The tainted meatballs were discovered by Czech inspectors, the Swedish news agency TT reported.
An Ikea spokeswoman told TT she was unsure whether stores in other countries would stop selling the meatballs.
Should the Czech tests be confirmed, this will be the first instance of traces of horsemeat being found in food in Sweden amid the European horsemeat scandal.
Meanwhile, in Italy Monday, horsemeat was also discovered in lasagna produced by Eurochef Italia Srl of Sommacampagna, the Italian news agency ANSA reported.
The meat for the lasagna was supplied by S.A.V. Srl of Sona.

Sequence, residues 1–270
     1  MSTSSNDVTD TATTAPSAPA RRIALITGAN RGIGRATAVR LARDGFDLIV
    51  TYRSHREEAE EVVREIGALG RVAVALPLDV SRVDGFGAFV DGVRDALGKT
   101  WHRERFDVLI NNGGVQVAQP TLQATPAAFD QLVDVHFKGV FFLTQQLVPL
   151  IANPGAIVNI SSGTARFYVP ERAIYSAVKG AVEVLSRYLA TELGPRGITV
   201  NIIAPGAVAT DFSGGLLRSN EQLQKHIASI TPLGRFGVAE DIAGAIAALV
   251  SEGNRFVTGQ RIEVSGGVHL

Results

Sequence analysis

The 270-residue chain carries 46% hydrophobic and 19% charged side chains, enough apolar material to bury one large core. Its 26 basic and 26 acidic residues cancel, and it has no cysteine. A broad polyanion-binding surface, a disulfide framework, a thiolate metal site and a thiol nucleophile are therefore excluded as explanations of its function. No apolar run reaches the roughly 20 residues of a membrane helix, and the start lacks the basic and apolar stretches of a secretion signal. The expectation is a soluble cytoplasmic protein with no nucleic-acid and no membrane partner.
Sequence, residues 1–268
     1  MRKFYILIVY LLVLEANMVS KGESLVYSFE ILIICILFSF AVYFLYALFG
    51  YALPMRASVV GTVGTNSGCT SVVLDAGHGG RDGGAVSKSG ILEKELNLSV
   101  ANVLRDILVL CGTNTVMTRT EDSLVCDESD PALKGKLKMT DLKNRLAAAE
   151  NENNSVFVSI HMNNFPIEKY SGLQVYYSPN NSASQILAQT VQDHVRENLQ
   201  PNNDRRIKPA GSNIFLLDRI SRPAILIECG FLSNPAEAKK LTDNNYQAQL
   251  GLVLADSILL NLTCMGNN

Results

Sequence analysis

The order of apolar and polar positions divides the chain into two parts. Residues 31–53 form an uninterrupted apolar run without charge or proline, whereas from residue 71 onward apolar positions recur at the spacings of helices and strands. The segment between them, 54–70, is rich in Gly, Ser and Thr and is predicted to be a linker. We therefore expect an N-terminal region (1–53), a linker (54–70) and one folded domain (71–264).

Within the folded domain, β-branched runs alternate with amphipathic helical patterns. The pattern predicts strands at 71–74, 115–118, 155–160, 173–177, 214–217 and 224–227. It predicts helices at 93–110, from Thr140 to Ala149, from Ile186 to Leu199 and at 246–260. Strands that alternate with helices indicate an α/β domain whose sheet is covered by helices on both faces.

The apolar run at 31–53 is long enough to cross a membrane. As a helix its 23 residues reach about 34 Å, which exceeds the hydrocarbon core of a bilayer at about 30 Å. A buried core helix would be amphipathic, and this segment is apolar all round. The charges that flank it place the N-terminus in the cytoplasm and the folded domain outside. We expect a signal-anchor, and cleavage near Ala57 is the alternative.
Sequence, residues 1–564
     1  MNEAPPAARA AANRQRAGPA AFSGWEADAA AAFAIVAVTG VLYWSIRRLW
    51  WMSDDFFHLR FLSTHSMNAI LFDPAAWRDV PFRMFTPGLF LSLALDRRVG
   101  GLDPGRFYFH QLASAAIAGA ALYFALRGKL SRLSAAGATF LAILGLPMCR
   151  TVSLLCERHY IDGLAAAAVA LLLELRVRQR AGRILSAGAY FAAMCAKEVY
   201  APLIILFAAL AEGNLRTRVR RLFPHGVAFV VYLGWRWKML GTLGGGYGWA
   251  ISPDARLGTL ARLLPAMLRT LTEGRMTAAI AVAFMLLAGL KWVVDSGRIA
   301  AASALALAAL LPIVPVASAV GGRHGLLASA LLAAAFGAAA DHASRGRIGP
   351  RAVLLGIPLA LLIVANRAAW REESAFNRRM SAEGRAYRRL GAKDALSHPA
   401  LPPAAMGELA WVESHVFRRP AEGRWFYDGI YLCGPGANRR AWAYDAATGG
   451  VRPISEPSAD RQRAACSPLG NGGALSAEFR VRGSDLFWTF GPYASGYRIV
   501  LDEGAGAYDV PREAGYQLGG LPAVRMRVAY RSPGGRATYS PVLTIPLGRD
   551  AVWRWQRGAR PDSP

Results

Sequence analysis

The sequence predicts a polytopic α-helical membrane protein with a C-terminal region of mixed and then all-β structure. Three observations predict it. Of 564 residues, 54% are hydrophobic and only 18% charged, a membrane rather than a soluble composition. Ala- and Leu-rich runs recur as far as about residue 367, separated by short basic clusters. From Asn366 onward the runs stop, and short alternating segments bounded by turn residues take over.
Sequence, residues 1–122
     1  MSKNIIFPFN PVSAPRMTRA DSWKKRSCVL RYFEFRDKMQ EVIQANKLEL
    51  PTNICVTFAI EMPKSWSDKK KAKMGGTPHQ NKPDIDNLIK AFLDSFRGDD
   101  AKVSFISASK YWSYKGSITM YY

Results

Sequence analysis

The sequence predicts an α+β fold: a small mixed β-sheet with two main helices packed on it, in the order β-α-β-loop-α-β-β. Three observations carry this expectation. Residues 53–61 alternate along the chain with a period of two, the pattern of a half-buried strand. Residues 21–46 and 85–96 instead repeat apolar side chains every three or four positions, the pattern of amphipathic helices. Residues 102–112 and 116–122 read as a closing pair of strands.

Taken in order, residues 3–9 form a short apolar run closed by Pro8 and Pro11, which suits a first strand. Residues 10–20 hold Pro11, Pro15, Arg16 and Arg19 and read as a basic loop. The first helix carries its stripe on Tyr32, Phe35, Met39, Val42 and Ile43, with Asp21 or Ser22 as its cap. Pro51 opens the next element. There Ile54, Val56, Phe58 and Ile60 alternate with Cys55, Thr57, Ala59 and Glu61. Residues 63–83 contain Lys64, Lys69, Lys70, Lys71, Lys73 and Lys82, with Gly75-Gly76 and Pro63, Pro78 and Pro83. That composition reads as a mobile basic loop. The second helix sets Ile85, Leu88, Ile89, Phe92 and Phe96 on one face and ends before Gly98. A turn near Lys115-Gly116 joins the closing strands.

The scandal came to light last month when tests in Ireland revealed some beef products also contained horsemeat.
Traces of horsemeat were found in meals sold by several British retailers.
European Union agriculture ministers met in Brussels Monday to discuss the scandal and how to regain consumer confidence.
Eskil Erlandsson, Sweden's minister of agriculture, said retailers should take some of the responsibility for their role in the scandal.
"We'll almost certainly discuss the need for parties in the chain to also carry out inspections so that it's not only the official inspections that are carried out," he told the TT news agency. "The production chain also has a responsibility, especially retailers, which are closest to the consumers."
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